structures. The load bearing behaviour of masonry structures severely constrains the potential design
space, a solution to which is the appearance of new computational design tools. Specifically, the issue
of fabricating double curved masonry shells with individually shaped blocks can be tackled with
modern computational fabrication tools. However little attention has been given so far to the issue of
assembly, and extensive falsework is usually necessary during the construction stage to temporarily
support the unfinished structure. This necessity of falsework is still a major drawback of this
construction technique. Deuss et al. [5] proposed a different approach by using a sparse set of chains
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Interfaces: architecture.engineering.science
2
to maintain the stones in equilibrium during construction, while another method mentioned in Fitchen
[6] uses tensioned ropes instead of dense falsework to hold blocks in place. These methods, however,
can still be time consuming and result in extra structures that are required to hold the supporting
elements in place.
This research aims to investigate possible solutions to saving falsework during the design process, by
trying to find assembly sequences, where intermediate construction stages are already in equilibrium
and therefore require only minimal falsework. This requires the development of a digital design
environment, where the structural behaviour of various construction stages can be digitally predicted
and fed back in order to modify the assembly sequence or potentially have influence on overall form
and tessellation. Furthermore, the necessity to investigate large amounts of possible configurations
requires the finding of time-efficient analysis methods for those intermediate construction stages, all
of which are discussed in the following sections.
2. Related works
2.1. A freeform stone shell
One of the latest examples of freeform masonry shells was the Armadillo Vault for the Architecture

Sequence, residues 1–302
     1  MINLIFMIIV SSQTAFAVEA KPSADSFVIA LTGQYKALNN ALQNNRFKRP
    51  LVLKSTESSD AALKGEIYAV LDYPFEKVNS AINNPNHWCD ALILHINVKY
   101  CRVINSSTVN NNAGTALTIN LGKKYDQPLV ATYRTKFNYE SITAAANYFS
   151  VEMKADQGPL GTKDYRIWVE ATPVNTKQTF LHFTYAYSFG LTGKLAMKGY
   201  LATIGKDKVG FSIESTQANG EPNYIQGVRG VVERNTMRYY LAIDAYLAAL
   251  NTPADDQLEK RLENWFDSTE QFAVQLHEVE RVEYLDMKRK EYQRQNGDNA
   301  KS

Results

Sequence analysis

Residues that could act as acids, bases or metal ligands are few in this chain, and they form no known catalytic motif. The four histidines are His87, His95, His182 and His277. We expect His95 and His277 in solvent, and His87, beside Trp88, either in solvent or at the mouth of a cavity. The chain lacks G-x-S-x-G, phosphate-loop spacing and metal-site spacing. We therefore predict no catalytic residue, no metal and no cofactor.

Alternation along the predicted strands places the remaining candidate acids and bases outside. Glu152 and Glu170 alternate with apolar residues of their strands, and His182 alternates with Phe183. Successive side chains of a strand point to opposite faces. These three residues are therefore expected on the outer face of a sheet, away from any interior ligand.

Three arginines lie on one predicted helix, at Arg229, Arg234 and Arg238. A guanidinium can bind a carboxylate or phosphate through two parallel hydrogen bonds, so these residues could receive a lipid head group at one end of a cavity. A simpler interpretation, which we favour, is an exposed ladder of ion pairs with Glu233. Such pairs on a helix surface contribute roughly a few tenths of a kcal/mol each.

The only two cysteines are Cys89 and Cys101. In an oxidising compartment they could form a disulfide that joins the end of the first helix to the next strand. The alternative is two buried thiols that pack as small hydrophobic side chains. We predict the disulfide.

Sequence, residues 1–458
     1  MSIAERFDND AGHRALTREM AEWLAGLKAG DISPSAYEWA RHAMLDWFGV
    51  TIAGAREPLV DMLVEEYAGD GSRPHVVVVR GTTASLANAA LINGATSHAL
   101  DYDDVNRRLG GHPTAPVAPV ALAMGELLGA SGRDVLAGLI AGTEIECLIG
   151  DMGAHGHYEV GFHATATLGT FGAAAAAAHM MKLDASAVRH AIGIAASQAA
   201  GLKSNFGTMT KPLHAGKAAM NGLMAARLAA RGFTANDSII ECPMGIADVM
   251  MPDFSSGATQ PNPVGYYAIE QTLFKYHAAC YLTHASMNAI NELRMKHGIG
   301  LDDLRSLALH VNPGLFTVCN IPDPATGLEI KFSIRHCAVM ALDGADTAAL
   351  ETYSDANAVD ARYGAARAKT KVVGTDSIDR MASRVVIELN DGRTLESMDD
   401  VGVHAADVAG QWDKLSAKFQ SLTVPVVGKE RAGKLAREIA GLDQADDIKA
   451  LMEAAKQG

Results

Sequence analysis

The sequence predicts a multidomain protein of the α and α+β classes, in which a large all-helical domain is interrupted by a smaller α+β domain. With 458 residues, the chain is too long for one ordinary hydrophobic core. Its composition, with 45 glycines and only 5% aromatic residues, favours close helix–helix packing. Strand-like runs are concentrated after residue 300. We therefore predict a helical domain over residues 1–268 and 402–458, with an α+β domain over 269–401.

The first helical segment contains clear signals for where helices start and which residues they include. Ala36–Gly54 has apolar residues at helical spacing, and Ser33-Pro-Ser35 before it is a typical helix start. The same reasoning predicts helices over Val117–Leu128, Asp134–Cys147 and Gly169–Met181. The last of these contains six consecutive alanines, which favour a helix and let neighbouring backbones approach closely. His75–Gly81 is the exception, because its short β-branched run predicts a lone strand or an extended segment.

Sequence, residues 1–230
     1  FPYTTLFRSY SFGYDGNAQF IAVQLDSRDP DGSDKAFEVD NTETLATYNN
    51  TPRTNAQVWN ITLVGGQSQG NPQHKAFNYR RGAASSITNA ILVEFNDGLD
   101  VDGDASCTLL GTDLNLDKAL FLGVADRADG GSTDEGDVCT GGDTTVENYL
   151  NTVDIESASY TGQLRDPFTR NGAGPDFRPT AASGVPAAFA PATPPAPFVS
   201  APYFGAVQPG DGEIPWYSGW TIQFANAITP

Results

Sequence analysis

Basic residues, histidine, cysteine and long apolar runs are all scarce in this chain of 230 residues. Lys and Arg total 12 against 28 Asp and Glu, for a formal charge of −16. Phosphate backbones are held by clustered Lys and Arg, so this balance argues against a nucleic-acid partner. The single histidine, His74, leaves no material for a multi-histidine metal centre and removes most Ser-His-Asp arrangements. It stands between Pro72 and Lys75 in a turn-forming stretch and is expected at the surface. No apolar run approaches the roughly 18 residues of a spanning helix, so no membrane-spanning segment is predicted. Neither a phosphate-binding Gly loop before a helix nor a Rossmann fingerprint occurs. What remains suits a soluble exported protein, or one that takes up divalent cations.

Biennale in Venice, which shows the design possibilities of masonry shells through the development
of modern design and construction technologies. This project shows the potential of designing more
complex shell geometries using the Thrust Network Analysis (TNA) method developed in the last
years at the Block Research Group (Block [2]), where users can interactively explore the design space
of masonry shells. The method allows us to form-find feasible geometries for compression only
structures, which is a necessary design constraint for masonry shells. The vault was built using CNC
cut limestone blocks, which were then assembled without any additional joints such as mortar or
mechanical fasteners. Rippmann et al. [9] presents the design and construction process of freeform
masonry shells and provides a workflow for the Armadillo Vault from design to production.
The vault was assembled using principally the same techniques as traditional masonry constructions,
with each individual block being fully supported by custom-made falsework.
2.2. Assembly and disassembly
To predict a feasible assembly sequence, Tai [12] uses the assembly-by-disassembly
approach to find a solution for interlocking frames. The procedure is to recursively divide the
assembly into subassemblies, until no part can be removed from the subassembly. Beyeler et
al. [1] explore the sequence of deconstructing an object pile one by one without comprising
its stability. However, these two approaches are not sufficient enough in practice for masonry
shell structures due to its complexity of potential disassembly sequence which leads to huge
calculation times. Therefore, simplification possibilities of the disassemble strategy must be
explored.
South [11] develops a spring-based physics simulation to simulate the Jenga game, which is a game
created by Leslie Scott where players take turns removing one block at a time from a tower then put
the removed block back on the top of the tower. One of the strategies to remove a block from the
tower without compromising its stability is to choose the loosest block. The asymmetrical
redistribution of elements makes some blocks more important to the overall stability of the tower than
others, this looseness allows us to predict a potential disassemble sequence of masonry shell by
reducing the amount of possibilities in each disassemble step. After a feasible disassemble sequence is
found, Backward Assembly Planning (BAP), which formalised by Lee [7], can be used to reverse the
disassembly step to obtain a feasible assembly sequence.
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3. Discrete modelling vs GPU based game engine
In general, masonry structures have been analysed mechanically using graphic methods or simplified
analytical calculations to assess the overall stability of the structures. Finite element methods are often
problematic, due to discontinuities at the joints and difficult interpretation of the results. Lately